Ah the springtime, when the sun is shining, the birds are singing, the flowers are blooming, and Jakob Silfverberg plays his best hockey of the year.
For the second straight season, the Ducks winger has brought new meaning to the term “spring forward,” going on a prolific scoring streak while maintaining his prowess in the defensive end. Last year you could make the case Silfverberg was Anaheim’s best player in the postseason, scoring 18 points (four goals and 14 assists) in 16 playoff games, while teaming with Ryan Kesler to shut down the top scoring lines from Winnipeg, Calgary and Chicago.
This year Silfverberg’s postseason contribution remains to be seen, but his spring scoring spree after a slow start offensively was nothing short of incredible. The 25-year-old didn’t score his first goal until his 20th game of the season, and he only had three at the halfway point of the campaign. But a jaw-dropping 11 goals in the regular season’s final 15 games (including a hat trick March 14 vs. New Jersey) boosted Silfverberg to the first 20-goal season of his four-year career.
|“That’s what has made me successful, and that’s what brought me back this year," Silfverberg says of his defensive ability. "I got a lot of confidence from the coaches about my defensive play, and all of a sudden I got the bounces and started scoring goals again. But I think it’s almost as fun shutting guys down as it is to score a goal myself.” |
“It’s a milestone,” Silfverberg shrugs. “It’s tough scoring goals in this league, that’s for sure, and obviously I’m very happy with it. I take a little bit of pride in that.”
His linemate on Anaheim’s shutdown unit was (as usual) a little more blunt. “I told him it was about time he started putting the puck in the net because I was going to stop passing to him,” Kesler deadpanned. “But it’s pretty incredible that he got 20 goals in as short a time as he did. It just shows that when he gets hot, he can really do some damage.”
It’s not like Silfverberg intends to cruise through the fall and winter before turning it on when the leaves change green, but the coincidence is not lost on him.
“I don’t know, I’ve gotten that question a few times, and it does make me think,” he says. “I always kind of say, no one wants to have a bad game, and with the start I had, I hope I never have to do that again."
Last year he had just one goal in the first 27 games of the season before finishing with 13 and turning it on in the playoffs.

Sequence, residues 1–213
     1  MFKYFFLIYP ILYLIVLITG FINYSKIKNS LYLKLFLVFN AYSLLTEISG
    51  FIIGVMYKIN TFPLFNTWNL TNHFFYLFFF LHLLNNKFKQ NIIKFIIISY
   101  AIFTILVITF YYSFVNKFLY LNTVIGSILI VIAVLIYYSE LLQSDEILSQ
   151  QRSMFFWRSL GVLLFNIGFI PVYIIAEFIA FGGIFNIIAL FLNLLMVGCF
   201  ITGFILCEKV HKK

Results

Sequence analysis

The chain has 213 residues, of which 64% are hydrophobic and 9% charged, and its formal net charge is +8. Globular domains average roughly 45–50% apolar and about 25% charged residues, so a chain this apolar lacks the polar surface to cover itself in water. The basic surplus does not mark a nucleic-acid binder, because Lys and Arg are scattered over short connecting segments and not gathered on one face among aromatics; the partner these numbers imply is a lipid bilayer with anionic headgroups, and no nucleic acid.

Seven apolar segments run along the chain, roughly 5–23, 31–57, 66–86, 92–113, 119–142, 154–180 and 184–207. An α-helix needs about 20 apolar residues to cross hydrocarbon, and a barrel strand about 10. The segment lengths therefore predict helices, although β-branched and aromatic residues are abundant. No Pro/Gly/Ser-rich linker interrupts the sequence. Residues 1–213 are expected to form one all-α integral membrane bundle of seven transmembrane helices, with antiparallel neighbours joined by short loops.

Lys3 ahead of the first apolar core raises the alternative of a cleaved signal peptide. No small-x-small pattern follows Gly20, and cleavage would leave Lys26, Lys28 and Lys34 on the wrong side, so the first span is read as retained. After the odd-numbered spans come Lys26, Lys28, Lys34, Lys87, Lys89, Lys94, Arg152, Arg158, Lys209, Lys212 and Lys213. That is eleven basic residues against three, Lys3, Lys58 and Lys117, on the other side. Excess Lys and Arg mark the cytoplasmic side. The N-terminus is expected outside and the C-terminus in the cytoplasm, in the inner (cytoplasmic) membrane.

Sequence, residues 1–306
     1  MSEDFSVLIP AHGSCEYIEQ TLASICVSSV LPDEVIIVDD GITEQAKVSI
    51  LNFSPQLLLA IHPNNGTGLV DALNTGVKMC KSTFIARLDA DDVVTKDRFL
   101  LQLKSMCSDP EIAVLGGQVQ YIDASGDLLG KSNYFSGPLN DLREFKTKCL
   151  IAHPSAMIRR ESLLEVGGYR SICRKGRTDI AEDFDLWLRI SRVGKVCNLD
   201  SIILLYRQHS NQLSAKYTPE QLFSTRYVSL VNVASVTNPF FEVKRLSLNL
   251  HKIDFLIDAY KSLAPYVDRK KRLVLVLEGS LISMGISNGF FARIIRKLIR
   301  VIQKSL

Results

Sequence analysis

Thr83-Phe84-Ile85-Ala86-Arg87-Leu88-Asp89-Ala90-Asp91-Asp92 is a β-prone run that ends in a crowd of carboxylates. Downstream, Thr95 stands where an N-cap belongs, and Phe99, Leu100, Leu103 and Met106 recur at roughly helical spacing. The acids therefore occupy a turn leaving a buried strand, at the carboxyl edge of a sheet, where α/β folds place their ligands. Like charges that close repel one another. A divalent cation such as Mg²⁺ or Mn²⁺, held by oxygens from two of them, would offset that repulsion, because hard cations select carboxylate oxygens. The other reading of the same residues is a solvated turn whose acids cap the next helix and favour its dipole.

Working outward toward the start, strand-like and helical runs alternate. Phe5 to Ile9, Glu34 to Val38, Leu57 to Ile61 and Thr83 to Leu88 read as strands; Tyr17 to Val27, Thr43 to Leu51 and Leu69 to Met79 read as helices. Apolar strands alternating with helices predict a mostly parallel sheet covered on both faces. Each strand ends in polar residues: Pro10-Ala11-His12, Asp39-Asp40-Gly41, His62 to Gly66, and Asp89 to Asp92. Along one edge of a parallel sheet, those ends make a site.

"Obviously you want to play well throughout the whole year. This year in the beginning of the season it just didn’t happen for me, and same as last year," he says. "Hopefully it’s just a coincidence, and next year I’ll be good from the start.”
But even when he’s not finding the back of the net, Silfverberg remains one of Anaheim’s most valuable contributors. His pinpoint wrist shot has made him the NHL career leader in shootout efficiency (minimum 20 attempts) at 62.1 percent (18 for 29), which has undoubtedly helped the Ducks win key regular season games but obviously won’t be an asset in the playoffs. His defensive ability is never in question, a trait that was ingrained in him virtually from the moment he put skates on for the first time.
“I think most of the Swedes, that’s how they learn to play,” says Silfverberg, a native of Gävle, Sweden, located near the Baltic Sea. “It’s not very often you see a purely offensive Swedish forward. You kind of learn from the start playing defense first. It’s something I’ve always taken pride in, even when I was a kid when I played juniors or wherever.
“That’s what has made me successful, and that’s what brought me back this year [when I wasn’t scoring as much]. I got a lot of confidence from the coaches about my defensive play, and all of a sudden I got the bounces and started scoring goals again. But I think it’s almost as fun shutting guys down as it is to score a goal myself”
Silfverberg will man the wing on a clamp-down unit with frequent linemates Kesler and Andrew Cogliano, the trio you can expect to see come over the boards when the opponent’s top scorers hit the ice.
|“We players love it, and the fans love it and get to another level too,” Silfverberg says. “Everything just gets ramped up, and this is when you’ve got to perform.” |
“I think we’re a line that’s supposed to score too, and we should have that pressure on ourselves,” Silfverberg says. “We have the talent to score goals as well as defend. That’s what we’ve done the last 30 games or so, and we’ve got to make sure to keep doing that. We can’t be satisfied just shutting guys down. We’ve got to put a little pressure on ourselves to create things and help other lines out with scoring too.”
Kesler says the key to that line is the comfort level they’ve reached through numerous games together over the past two seasons. “We talk off the ice and we know how each other plays,” Kesler says. “Once we really stuck together, we talked and kind of learned how to break down the other team. Every game we talk about what the other team’s weakness is, and we try and exploit it.”
That’s invaluable in a seven-game series when you have ample opportunity to study a single opponent, and it’s only part of the reason Silfverberg relishes what he calls, “the best time of the year.”
“We players love it, and the fans love it and get to another level too,” Silfverberg says. “Everything just gets ramped up, and this is when you’ve got to perform.”
And while his springtime (vår in Silfverberg's native Swedish) has once again been bountiful, “To say that it’s been a successful season, we’ll have to see in a couple months," he says. "Hopefully we’ll win the Cup, and then I’ll be really happy.”